But if I am honest I did not learn the tricks of the trade, as it were, from the Nana. Sure, I picked up the fundamentals of cake science and probably thought I knew a lot more than I did but one day the truth of my cakery flaws was finally revealed. On this fateful day I had decided to make a cake solo. I forget the reason, but it was going to be a surprise and I was highly motivated from start to finish. My focus was sustained throughout. So that, when my family returned, from wherever they had been, the cake was ready to take out of the oven. I was terribly excited and mostly proud of my ability to carry out this “craft” to completion. That is, until the cake was removed from the tin….. with a thud. This cake was not light and fluffy as I was so accustomed to. It was not springy to the touch. It was more Saharan drought than moist and airy and I was utterly confused as to what element of my preparation had led us to this brick-like gateau. My family were, however, highly amused. My reputation, unfortunately, preceded me. Their lack of bewilderment was quite infuriating. It was unclear to all as to what I had included, or failed to, to create such a monstrous excuse for a dessert. Until I let the fatal particulars slip.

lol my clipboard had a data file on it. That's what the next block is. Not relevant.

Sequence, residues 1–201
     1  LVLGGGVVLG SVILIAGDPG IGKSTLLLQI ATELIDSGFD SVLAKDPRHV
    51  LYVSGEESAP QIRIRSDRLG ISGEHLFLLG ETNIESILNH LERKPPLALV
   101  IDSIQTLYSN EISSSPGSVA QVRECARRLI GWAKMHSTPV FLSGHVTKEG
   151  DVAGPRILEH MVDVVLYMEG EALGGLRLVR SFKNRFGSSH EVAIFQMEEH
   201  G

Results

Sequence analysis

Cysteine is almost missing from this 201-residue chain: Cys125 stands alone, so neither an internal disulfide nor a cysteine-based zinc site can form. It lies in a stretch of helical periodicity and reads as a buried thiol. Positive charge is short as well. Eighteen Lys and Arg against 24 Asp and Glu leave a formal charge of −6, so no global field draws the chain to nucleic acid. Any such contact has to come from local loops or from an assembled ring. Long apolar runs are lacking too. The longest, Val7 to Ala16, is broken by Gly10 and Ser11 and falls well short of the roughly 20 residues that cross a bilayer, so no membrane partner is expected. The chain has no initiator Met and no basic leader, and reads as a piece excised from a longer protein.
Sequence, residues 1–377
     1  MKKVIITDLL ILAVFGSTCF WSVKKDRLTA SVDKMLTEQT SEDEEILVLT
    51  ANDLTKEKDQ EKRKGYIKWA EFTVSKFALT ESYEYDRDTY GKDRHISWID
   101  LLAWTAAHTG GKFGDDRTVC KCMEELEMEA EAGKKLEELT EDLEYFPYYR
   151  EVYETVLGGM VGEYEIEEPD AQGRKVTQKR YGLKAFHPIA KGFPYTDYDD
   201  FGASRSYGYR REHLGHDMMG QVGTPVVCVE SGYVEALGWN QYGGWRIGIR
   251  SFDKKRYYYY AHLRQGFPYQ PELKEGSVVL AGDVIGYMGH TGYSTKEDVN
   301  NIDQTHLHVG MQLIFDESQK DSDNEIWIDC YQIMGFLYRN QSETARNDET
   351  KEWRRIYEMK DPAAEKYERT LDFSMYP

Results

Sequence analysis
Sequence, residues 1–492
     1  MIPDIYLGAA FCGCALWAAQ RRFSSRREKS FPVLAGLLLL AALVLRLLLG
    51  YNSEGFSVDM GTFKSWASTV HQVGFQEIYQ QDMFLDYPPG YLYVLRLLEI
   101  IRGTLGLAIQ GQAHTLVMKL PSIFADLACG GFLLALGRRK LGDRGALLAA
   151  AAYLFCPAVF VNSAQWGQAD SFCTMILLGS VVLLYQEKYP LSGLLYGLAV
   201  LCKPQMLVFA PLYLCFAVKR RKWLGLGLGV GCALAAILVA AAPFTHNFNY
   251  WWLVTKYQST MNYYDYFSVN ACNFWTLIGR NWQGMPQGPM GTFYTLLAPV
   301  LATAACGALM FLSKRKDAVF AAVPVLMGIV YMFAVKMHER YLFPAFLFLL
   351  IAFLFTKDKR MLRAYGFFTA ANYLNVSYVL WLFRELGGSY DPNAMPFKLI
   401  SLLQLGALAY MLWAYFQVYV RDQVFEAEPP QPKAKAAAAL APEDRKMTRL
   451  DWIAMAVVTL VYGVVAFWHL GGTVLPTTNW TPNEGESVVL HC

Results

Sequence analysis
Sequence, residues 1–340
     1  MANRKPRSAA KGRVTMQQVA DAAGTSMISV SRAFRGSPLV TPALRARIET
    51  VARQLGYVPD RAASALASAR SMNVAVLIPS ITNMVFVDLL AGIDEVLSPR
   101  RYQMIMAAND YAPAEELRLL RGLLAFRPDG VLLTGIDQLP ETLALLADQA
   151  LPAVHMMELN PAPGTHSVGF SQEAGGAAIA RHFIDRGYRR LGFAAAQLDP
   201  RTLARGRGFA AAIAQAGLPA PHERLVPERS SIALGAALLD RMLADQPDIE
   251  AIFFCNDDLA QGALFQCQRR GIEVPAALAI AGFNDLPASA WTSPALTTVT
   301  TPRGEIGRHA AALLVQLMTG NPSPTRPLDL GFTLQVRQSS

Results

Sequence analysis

Ooh yummy

Have you got any clotted cream to go with that?

Yes OK I had gathered up the batter in my hands and plonked it on the cool work surface (pre-floured of course). I keenly remember thinking it was incredibly, and unmanageably, sticky and so continued to add more and more flour to prevent my cake batter from attaching itself irreparably to the bench-top. Can you guess my mistake readers? Oh yes, having observed cake baking AND scone baking over my childhood of cookery courses I had successfully created the first cakescone. Also known as a “rock”. But not a rock cake, those leave you with a full complement of teeth in your mouth. I fear my creation would leave you with few!

Nope, not my idea of a mouth-watering tea break!

So now I am the laughing stock of my family. A joke in cookery spheres. An embarrassment to Delia Smith and Mary Berry alike. I decided, therefore, from that day on, that my calling was not in the line of baked goods.